Dr. Christine Stanley
Executive Director, Selective Mutism Group – Childhood Anxiety Network
Although it was first described 125 years ago (and labeled aphasis voluntaria at that time by a German doctor, Kussmaul), relatively little has been studied or written about the childhood anxiety disorder now known as selective mutism. In reading through the sparse body of literature in textbooks and journals, it is not difficult to see why so many selectively mute children are being misdiagnosed and receiving inadequate or inappropriate therapy.
Unfortunately, many inaccurate theories about the cause and basis of selective mutism have gained acceptance among medical and educational professionals in spite of the lack of supportive evidence. In the vacuum of inadequate research, it seems that these myths have arisen to fill the void of true knowledge and understanding.
Because many of the older theories about selective mutism are currently contributing to the confusion and inappropriate treatment of children with this disorder, this article is an attempt to debunk the following myths.
Selective mutism is extremely rare.
The most recent study showed a prevalence rate for Selective Mutism of 7.1 per 1,000 children (Bergman, 2002). Older surveys ranged from 0.08 %, or 0.8 per 1,000 (Fundudis, 1979 ), to 1.8 per 1,000 children (Browne, 1979). Variation may be due to the methods of surveying used, the age of the children in the sample population, or inadequate recognition of symptoms by parents, medical, and educational professionals. Lack of knowledge about selective mutism leads to many of these children being labeled as “just shy” or misdiagnosed as autistic, so that any reports of the number of cases are likely to be falsely low.
Even the lower estimates show that SM is more common than other childhood disorders such as autism, cystic fibrosis, spina bifada, and muscular dystrophy. Presumably because of greater public awareness, though, these have received much more funding for research and thus are better understood.
Selectively mute children are typically severely emotionally disturbed, usually because they have suffered abuse, neglect or trauma.
This assumption is often seen in older case reports, although no evidence is offered; instead, there is an apparent presumption that children would not exhibit excessive fearfulness in social interactions unless their life experiences had taught them to react in that way. Recent advances in understanding the neurobiological circuitry of anxiety have given reason to believe that human beings are hard-wired to be vigilant to danger, and that in some individuals the gating mechanisms for this circuitry are overly sensitive. Thus, for these individuals, normal life events do trigger anxious responses in certain contexts.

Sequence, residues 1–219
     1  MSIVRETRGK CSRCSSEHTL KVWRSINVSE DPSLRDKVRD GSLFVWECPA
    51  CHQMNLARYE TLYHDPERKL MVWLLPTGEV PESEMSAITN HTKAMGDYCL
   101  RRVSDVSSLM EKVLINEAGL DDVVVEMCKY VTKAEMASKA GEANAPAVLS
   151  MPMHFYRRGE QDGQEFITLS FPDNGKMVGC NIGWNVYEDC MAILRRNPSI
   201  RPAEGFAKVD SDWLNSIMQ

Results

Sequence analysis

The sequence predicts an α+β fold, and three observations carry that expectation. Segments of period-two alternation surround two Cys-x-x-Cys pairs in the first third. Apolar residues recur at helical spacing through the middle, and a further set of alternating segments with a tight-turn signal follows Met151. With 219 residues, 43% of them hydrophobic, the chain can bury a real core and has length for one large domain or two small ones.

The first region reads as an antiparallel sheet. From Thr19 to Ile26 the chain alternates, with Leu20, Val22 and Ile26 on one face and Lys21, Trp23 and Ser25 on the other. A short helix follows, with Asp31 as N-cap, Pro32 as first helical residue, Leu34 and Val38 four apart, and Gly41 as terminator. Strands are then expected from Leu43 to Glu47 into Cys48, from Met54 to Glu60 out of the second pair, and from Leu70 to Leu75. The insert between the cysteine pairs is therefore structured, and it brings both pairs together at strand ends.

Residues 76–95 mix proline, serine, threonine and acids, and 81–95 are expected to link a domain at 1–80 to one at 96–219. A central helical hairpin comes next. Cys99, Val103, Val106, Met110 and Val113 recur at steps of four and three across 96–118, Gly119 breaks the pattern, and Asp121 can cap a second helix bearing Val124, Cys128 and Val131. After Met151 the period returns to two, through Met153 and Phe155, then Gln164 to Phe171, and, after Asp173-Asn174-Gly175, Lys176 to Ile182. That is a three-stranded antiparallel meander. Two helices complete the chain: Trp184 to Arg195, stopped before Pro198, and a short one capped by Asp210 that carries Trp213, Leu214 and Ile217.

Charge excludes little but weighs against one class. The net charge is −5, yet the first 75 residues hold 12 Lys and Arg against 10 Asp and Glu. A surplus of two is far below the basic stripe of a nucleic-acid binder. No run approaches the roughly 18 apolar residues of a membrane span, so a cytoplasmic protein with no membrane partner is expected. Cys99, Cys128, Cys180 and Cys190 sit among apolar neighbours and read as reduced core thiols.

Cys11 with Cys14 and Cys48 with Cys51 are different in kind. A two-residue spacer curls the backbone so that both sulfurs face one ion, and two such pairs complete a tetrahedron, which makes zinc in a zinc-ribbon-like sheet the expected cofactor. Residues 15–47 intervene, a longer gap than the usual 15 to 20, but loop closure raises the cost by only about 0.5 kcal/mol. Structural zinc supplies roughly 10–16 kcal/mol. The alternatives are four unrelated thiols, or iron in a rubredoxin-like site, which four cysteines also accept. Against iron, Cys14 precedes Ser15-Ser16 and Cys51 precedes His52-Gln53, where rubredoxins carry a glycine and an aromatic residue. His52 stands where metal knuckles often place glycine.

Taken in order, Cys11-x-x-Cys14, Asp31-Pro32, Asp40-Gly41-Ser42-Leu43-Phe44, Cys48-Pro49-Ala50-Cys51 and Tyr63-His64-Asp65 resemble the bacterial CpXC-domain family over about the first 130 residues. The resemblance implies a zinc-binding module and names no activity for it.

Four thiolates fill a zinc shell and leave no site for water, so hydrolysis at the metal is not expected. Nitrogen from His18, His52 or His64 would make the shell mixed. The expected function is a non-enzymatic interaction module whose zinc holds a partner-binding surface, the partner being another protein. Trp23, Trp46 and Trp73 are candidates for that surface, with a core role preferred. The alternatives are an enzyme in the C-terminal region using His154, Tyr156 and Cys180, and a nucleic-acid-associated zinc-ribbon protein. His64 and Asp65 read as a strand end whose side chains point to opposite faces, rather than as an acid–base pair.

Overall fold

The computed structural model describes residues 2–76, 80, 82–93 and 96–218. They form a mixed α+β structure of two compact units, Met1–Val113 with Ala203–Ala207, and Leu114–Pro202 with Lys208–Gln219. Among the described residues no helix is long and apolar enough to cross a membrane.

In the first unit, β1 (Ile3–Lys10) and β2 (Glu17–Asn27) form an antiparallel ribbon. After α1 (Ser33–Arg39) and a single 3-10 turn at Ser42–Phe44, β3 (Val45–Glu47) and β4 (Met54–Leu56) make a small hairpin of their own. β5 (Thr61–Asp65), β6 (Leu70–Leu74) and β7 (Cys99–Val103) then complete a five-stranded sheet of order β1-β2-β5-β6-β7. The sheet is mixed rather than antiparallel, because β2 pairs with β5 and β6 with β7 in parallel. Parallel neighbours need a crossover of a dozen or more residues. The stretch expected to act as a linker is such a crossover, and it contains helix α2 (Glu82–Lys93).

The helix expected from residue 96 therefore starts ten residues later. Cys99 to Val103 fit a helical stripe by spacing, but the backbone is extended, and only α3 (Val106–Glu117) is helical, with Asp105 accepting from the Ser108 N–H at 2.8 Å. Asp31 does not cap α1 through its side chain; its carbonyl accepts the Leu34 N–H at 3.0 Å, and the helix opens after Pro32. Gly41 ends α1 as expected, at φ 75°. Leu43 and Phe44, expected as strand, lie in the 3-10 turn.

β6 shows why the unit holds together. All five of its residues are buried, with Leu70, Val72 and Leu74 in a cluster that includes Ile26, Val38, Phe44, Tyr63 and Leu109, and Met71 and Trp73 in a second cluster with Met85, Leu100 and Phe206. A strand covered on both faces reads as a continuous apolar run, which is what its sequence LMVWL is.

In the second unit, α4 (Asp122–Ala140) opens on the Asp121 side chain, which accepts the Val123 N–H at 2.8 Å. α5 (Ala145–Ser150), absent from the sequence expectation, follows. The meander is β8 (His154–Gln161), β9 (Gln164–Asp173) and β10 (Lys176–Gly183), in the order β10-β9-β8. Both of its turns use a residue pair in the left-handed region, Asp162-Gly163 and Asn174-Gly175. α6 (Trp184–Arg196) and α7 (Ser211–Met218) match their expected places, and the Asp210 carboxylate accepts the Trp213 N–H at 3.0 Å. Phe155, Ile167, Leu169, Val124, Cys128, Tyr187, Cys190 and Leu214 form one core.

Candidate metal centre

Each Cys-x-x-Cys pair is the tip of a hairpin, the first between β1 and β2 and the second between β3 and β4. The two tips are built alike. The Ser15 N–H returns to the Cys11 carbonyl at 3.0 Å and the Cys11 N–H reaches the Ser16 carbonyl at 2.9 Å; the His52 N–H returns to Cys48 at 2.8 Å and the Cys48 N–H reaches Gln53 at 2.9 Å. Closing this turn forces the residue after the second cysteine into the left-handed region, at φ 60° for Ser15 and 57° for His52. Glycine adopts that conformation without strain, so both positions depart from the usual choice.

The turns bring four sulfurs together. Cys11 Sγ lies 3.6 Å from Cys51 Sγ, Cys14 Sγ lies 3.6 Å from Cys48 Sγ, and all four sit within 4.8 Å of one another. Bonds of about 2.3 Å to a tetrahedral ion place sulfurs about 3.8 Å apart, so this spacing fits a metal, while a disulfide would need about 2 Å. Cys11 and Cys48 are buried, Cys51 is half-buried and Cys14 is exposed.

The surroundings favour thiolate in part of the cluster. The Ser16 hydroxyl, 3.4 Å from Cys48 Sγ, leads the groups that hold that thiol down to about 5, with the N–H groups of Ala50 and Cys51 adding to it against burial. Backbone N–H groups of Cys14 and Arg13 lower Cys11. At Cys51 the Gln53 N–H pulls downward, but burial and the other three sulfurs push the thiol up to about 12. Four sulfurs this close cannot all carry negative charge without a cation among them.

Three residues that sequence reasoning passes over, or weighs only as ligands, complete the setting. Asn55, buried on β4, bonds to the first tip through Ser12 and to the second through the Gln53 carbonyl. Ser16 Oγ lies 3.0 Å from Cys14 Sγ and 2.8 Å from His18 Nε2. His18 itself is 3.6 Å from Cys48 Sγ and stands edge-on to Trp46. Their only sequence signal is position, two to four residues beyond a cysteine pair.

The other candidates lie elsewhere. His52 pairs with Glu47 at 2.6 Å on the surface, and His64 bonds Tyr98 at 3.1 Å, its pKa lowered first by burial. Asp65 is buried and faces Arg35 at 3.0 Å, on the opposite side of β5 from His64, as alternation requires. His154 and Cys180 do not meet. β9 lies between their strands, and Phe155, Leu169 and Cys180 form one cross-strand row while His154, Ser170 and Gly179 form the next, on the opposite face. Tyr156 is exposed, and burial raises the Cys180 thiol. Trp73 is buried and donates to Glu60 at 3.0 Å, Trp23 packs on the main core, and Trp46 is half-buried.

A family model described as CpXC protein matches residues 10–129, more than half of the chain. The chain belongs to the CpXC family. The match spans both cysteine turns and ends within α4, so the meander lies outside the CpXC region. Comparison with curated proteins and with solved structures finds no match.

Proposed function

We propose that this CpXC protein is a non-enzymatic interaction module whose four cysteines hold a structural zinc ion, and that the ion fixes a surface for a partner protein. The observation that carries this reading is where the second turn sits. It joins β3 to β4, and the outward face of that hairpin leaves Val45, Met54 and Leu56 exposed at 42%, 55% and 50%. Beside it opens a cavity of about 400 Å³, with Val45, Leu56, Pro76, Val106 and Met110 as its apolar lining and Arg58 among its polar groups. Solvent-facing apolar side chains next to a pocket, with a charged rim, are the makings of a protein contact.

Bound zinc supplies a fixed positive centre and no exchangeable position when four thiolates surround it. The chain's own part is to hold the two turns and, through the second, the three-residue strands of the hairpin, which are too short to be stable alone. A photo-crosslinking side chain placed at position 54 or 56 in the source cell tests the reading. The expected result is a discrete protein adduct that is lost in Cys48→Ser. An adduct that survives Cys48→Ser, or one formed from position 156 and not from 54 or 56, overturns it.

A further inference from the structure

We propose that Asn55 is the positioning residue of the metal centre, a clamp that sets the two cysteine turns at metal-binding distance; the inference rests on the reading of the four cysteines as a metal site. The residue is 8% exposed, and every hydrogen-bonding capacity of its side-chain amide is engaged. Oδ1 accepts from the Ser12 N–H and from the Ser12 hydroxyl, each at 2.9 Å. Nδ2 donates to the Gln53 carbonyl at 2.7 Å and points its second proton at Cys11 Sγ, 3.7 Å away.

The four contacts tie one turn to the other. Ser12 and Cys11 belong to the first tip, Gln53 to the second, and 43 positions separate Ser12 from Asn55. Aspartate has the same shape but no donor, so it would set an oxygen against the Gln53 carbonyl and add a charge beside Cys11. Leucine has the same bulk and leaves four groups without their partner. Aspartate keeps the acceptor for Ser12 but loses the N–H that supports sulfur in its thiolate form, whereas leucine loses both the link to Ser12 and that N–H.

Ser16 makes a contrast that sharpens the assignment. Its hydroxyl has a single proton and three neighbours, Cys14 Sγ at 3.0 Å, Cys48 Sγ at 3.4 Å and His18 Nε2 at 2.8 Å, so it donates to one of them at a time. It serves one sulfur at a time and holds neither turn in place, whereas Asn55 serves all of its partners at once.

The fear of being placed under suspicion of abuse may prevent parents from seeking help for their children. While there may be a legitimate concern that selectively mute children would be unable to speak out if they were victims of abuse, there is no reason to assume that such abuse is any more likely to be occurring with these children than with the average child (Black, Uhde, 1996).
Families of children with selective mutism are typically dysfunctional.
While epidemiological studies have shown a high incidence of social anxiety and other forms of anxiety and/or depression in the close relatives of selectively mute individuals, there is no evidence that family pathology causes the symptoms of selective mutism. Discussions in older literature characterize parents, particularly mothers, as being either poorly attached or overly attached to selectively mute children. This notion is very similar to the now-discarded theory about autism that was prevalent several decades ago, when poor maternal bonding was thought to be the cause of that disorder. In both cases, it is likely that any observed bonding difficulties between parent and child might be a result of the disorder rather than the cause.
Selectively mute children use their silence as a form of passive aggression, manipulation, or defiance.
Oppositional behavior may be in the eye of the beholder (or perhaps we should say, in the ear of the frustrated would-be listener), but taking this view of mutism implies a conscious choice of silence by the selectively mute child. If selective mutism does represent a speech phobia, it is not surprising that these children appear to stubbornly resist attempts to make them speak, just as, for example, a person with a fear of flying would not willingly board an airplane. Additionally, it is wise to remember that power struggles between adults and children are no-win situations and the only winning strategy is to avoid them. One might ask who is being more oppositional, the child who is afraid to speak or the adult who stubbornly insists that the child must speak.
Selective mutism is extremely difficult to treat.
Historically this may have been true, but when treatment is approached with an understanding of selective mutism as an anxiety disorder, most children make excellent progress. Anecdotal evidence does suggest, however, that early diagnosis and multimodal treatment is critical for the greatest chance of successful treatment outcome.